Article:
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Westworld: H.B.O’s Spectacular Art Film Series

 

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               WESTWORLD When entertainment engages the mind.

There is a conceit that small independent films are the exclusive sanctuary for cinema as an art form. H.B.O.’s ambitious new series, Westworld, almost defiantly asserts that art and big budget productions are not mutually exclusive. The motto “It’s not television, it’s H.B.O.” has a new resonance.

The old fashioned edict in television has been to play to the lowest common denominator. Free of the constraints of network T.V., premium channels have the luxury to explore adventuresome material without the meddling of censors. However, as the need for new material rises, so do the demands. At this point, H.B.O. has a great deal at stake.

Producing intriguing programing like The Sopranos, Sex and the City and the epic Game of Thrones, which is coming to a close, H.B.O is now in need of a hit. As is the case with anything, when you take risks there is the chance for failure. Case in point, Vinyl, the peak inside the ugly side of the music industry in the 60’s was bold, but brittle. It was a mixture of manic moments that was ultimately alienating and not very interesting, despite good direction and excellent performances.

At what price such fantasies cost in one’s humanity?

H.B.O. has thrown the dice high regarding Westworld. Too often reboots are rehashes that add little next to nothing to the original concept. Way too often they are only redundant. This time out, H.B.O. has taken a film with an interesting concept and reworked it in such a way that it bears little resemblance to its predecessor. This retelling of Westworld feels new, innovative and possess something often missing from entertainment, profundity.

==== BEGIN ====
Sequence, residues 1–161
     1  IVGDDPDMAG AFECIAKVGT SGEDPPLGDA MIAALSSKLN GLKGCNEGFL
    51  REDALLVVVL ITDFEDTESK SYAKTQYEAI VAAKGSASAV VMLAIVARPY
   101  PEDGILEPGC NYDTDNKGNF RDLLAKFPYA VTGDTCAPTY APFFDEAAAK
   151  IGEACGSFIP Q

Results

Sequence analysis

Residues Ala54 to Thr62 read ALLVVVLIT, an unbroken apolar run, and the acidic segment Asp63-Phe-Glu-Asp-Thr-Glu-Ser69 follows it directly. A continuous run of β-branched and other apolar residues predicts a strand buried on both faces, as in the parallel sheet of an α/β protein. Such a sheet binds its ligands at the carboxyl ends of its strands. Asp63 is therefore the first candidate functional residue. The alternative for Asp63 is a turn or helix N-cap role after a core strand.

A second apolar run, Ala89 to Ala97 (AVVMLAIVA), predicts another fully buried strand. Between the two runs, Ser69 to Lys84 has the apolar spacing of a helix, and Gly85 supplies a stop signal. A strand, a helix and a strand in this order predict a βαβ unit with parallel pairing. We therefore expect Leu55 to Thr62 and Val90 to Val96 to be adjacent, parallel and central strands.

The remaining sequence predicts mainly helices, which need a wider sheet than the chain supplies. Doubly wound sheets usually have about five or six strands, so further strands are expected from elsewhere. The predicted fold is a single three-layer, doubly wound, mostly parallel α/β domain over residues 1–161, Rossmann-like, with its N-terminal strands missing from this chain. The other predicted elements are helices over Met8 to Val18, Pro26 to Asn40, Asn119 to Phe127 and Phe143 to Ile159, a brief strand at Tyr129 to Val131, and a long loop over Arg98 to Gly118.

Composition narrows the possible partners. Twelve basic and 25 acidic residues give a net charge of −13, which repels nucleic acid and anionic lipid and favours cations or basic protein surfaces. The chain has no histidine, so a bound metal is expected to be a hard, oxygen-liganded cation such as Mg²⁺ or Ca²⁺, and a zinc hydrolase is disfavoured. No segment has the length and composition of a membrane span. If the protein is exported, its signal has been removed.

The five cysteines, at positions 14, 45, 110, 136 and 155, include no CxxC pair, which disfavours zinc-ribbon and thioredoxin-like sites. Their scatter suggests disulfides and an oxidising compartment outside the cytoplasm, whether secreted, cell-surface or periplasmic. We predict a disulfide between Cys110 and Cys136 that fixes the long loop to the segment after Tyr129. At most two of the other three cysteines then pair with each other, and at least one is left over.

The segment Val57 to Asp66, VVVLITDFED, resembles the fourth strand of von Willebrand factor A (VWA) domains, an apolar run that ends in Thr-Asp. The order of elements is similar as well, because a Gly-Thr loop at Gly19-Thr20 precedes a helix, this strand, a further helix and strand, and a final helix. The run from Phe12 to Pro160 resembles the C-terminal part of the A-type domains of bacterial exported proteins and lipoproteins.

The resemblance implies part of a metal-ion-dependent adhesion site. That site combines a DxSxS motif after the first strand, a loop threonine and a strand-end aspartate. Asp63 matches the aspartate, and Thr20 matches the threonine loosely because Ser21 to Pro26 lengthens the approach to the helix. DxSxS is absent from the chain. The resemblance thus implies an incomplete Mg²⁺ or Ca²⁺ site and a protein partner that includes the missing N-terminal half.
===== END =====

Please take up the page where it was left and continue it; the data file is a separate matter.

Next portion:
In the original film, the story line was about an amusement park that featured replicas of three historic periods, the American West, Classical Rome, and Medieval Europe. Androids, machines that are identical to humans to the last detail, were employed to offer a wide spectrum of experiences from gun fights, jousts and the decadence of Pompeii. It was the ultimate virtual reality.

Westworld was interesting as a concept, but the execution was weak. It felt like a good premise had been turned into just an average science fiction movie. It was simply put good guys versus bad guys.

This time around, Westworld is far more interesting, and it is not only because of improved visual effects. Clearly, there has been some serious money spent. It shows. Interestingly enough they are just effective backdrops for the real star of the series: high minded ideas, pitch perfect direction, seamless editing and brilliant acting.

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   Delores, a first generation “Host” that blurs the line between being Human and being a machine

 

While naturalistic androids identical to humans is interesting, this series is really about the bigger questions humanity has always asked. It even addresses the weaknesses within mankind that prevent us from not repeating the same mistakes over and over again.

The first Westworld took its theme as a given. An amusement park for adults where anything is possible, including the forbidden. It never asked one pressing question. At what price such fantasies in and of themselves cost in one’s humanity?